Basement Insulation Neccessary?

Old 02-07-03, 12:52 AM
Visiting Guest
Posts: n/a
Question Basement Insulation Neccessary?

When I finished my basement two years ago, I researched insulation and found that there was a lot of disagreement on whether it was neccessary. Some said insulate fully, some said insulate only the part above ground, and some said don't bother.

Since I hate working with insulation, I adopted the "don't bother" philosophy. I've got studs, then vapor barrier, then drywall. In the dead of winter the walls are warm to the touch. Did I do it wrong? (Of course, it's too late now, but I'm curious what people think.)

Maybe it's more important in northern climes (I'm in Virginia). One theory that convinced me was that if you had moisture, it could get into the insulation and cause problems, although a vapor barrier first could alleviate that problem. But the thing that sold me was the idea that, around here at least, the ground doesn't get all that cold, so what would you be insulating against?

Anyway, I'm sitting in my office in my warm, dry basement with no insulation wondering what others think about this!
Old 02-07-03, 03:49 AM
Join Date: Nov 2001
Location: Taylors, SC
Posts: 9,261
Upvotes: 0
Received 0 Upvotes on 0 Posts
insulation and moisture

This does not pertain exactly to insulation, but the the whole matter of all the information available about insulation, moisture, vapor barriers, and ventilation. I have a 1939 house built over a crawl space. The HVAC was added many years after the house was built. There are only six vents into the space under the house.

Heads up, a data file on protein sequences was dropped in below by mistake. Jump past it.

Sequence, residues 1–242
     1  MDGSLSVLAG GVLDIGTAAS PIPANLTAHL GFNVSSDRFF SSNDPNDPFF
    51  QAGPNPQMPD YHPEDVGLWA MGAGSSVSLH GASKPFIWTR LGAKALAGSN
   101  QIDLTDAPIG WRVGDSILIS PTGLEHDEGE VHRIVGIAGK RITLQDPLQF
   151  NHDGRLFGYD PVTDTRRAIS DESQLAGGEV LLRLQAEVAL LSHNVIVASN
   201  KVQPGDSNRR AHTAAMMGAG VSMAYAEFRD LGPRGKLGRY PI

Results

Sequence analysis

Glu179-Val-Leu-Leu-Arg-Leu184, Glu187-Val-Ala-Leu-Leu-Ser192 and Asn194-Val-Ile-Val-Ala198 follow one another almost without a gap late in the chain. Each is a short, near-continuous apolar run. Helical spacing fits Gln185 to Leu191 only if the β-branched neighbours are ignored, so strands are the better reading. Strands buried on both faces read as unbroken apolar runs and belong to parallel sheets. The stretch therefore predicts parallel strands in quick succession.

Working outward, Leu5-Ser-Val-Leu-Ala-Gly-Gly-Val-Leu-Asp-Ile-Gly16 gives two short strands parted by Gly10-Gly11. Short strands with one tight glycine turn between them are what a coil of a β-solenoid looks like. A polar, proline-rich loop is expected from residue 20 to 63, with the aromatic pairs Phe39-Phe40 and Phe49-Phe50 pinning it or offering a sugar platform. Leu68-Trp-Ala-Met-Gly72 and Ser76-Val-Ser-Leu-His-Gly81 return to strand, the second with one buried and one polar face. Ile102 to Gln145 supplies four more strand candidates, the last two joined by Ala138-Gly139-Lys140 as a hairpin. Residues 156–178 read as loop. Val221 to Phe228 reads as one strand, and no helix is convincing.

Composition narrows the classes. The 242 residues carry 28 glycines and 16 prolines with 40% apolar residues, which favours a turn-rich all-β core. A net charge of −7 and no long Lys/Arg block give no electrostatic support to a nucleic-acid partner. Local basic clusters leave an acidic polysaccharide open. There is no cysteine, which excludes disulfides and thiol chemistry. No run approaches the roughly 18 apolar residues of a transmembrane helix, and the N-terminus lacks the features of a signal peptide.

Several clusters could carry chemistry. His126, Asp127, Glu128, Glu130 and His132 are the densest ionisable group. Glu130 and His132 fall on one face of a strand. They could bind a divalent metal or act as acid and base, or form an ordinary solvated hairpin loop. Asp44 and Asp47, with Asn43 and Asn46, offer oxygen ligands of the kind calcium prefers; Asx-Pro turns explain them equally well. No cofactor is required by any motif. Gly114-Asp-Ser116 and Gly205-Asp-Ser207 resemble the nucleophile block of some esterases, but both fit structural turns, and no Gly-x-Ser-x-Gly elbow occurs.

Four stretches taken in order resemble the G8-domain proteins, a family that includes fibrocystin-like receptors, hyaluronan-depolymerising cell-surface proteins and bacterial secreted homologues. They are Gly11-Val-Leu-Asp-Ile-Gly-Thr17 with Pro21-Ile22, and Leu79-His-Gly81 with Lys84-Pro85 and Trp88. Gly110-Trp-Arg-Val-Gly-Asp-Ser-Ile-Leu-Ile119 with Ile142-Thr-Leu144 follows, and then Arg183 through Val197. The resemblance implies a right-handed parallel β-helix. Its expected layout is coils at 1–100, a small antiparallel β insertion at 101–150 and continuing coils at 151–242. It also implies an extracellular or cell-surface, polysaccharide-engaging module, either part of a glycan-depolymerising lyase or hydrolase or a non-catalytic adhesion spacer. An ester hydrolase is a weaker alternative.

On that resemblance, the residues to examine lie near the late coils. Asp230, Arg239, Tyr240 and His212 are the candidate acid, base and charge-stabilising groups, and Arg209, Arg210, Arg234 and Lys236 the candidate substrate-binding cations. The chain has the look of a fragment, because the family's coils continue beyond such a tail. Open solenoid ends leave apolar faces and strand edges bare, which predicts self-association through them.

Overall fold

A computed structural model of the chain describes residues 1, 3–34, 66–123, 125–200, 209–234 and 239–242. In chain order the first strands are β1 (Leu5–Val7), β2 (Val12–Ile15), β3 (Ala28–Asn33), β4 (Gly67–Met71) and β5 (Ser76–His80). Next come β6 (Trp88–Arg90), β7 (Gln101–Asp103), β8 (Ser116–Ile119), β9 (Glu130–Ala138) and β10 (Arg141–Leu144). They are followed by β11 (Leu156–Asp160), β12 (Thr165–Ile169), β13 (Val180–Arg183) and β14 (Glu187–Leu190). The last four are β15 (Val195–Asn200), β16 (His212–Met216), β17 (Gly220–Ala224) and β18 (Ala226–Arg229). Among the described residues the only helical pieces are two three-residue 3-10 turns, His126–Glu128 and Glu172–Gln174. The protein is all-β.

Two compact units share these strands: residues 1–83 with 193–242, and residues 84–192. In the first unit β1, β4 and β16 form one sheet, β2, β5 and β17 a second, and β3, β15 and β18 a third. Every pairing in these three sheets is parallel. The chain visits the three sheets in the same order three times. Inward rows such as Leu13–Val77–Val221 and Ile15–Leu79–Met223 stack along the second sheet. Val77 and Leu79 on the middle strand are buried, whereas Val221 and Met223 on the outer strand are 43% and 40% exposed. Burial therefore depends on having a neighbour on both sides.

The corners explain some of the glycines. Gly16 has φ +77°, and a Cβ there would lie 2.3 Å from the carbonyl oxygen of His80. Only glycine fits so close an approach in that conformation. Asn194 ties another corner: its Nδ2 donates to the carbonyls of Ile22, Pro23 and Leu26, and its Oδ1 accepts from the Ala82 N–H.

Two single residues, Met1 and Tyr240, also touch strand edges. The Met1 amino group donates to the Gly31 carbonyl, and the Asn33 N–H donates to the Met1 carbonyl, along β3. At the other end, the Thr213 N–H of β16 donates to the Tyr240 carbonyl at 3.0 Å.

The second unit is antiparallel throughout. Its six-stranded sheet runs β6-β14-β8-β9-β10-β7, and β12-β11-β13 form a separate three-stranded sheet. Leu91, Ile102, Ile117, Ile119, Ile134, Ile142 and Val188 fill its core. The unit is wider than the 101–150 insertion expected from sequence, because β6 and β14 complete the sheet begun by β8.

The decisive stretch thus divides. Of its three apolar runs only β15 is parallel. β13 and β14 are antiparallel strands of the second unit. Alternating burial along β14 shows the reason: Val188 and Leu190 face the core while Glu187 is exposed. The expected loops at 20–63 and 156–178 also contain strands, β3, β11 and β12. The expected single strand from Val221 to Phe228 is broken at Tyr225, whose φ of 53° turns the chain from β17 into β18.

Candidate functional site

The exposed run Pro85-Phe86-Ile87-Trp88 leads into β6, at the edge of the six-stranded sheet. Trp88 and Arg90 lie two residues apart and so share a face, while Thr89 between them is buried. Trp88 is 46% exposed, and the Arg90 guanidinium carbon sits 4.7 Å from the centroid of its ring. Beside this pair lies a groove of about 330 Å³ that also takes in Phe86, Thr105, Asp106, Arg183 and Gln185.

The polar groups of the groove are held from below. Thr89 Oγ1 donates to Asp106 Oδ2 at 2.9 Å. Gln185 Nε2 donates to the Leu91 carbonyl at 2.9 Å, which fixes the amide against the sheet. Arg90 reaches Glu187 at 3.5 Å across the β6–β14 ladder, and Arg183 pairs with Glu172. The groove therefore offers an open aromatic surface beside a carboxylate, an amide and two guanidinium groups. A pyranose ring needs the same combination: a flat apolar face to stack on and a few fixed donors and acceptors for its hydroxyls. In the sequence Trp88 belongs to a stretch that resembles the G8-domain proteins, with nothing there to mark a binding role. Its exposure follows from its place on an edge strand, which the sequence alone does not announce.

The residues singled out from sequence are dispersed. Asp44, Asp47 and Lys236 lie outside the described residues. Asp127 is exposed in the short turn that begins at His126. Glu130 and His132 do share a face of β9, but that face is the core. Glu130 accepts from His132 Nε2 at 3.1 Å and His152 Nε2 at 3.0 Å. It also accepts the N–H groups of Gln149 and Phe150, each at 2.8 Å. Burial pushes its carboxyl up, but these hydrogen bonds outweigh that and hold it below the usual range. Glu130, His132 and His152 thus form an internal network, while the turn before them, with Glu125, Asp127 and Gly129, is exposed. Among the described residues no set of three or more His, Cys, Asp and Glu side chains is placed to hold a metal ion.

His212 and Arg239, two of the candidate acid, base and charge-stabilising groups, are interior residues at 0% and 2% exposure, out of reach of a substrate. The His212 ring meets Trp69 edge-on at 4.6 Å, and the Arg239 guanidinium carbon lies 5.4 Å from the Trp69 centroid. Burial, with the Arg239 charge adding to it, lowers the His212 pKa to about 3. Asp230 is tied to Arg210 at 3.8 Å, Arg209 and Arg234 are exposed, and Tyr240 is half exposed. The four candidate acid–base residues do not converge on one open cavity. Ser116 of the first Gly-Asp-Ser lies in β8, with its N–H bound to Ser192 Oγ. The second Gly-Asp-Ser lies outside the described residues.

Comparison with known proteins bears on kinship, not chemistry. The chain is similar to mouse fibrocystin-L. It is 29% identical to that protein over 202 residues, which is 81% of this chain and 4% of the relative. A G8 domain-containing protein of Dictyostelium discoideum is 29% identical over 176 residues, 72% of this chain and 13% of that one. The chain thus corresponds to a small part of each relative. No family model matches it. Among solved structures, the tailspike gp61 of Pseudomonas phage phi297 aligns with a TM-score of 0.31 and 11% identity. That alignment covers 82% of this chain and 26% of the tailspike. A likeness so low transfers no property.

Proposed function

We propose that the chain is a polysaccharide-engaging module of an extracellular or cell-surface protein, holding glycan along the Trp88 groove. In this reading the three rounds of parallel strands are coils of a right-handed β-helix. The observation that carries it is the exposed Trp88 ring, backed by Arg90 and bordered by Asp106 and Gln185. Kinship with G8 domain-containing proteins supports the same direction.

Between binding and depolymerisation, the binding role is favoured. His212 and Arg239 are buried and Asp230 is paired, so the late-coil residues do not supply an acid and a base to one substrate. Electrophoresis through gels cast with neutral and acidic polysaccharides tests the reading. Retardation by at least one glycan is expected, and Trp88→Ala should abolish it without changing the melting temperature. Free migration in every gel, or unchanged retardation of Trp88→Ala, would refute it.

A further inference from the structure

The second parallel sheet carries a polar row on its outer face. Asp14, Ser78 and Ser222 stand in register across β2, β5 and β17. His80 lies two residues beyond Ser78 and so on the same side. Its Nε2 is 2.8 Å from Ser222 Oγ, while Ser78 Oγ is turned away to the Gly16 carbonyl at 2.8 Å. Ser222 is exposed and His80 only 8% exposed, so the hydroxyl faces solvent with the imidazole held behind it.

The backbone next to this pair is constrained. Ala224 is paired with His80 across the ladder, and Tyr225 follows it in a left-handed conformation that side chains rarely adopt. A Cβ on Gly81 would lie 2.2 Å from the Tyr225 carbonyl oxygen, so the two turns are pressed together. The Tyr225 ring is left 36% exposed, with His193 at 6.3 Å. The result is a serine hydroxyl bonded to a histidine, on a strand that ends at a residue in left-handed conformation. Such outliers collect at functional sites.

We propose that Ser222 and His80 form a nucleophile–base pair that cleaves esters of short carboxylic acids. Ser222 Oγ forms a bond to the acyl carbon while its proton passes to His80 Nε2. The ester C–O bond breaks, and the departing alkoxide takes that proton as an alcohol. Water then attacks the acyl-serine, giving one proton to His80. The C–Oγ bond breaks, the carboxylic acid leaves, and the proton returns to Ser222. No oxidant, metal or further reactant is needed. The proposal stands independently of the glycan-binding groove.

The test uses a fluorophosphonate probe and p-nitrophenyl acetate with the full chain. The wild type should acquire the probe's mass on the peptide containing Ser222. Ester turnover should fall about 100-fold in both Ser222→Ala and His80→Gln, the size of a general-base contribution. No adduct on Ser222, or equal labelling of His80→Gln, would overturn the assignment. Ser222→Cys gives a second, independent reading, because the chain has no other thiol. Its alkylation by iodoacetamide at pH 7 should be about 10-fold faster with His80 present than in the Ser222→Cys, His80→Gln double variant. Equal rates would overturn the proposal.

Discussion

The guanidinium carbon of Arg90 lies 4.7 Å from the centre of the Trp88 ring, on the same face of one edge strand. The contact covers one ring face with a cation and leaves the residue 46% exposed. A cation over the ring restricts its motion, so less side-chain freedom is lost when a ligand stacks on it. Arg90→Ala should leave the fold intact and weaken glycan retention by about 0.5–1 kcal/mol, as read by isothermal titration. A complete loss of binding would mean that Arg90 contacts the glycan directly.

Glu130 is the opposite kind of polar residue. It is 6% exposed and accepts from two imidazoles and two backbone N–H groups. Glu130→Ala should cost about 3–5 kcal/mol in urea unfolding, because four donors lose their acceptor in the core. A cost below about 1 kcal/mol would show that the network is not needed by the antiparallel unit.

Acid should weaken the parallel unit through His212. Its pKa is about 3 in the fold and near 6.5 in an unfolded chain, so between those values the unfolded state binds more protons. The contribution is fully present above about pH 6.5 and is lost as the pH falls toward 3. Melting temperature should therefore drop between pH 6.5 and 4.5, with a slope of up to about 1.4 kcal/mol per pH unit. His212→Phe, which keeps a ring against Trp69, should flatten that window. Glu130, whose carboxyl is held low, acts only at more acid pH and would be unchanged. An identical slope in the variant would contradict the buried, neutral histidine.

I have noticed that most new houses have a full size vent, about 8 x 16, every ten feet or so along the crawl space wall. I have read about what problems can result from moisture under a house. I have read about recommendations for ventilating under a house. I have read about mildew, rotting wood, and so on.

The ground under the house is quite damp most of the year. With all this about the moisture under the house and the potential problems, I became convinced that ventilation was inadequate here. I decided that I needed better ventilation. Then I read a pretty convincing argument that ventilation can cause problems by introducing moisture laden air into an area that was drier, creating its own problems. I was not totally convinced that the difference in moisture content could vary so much between the air under the house and the outside air, but I tried to hold the writer's argument in mind.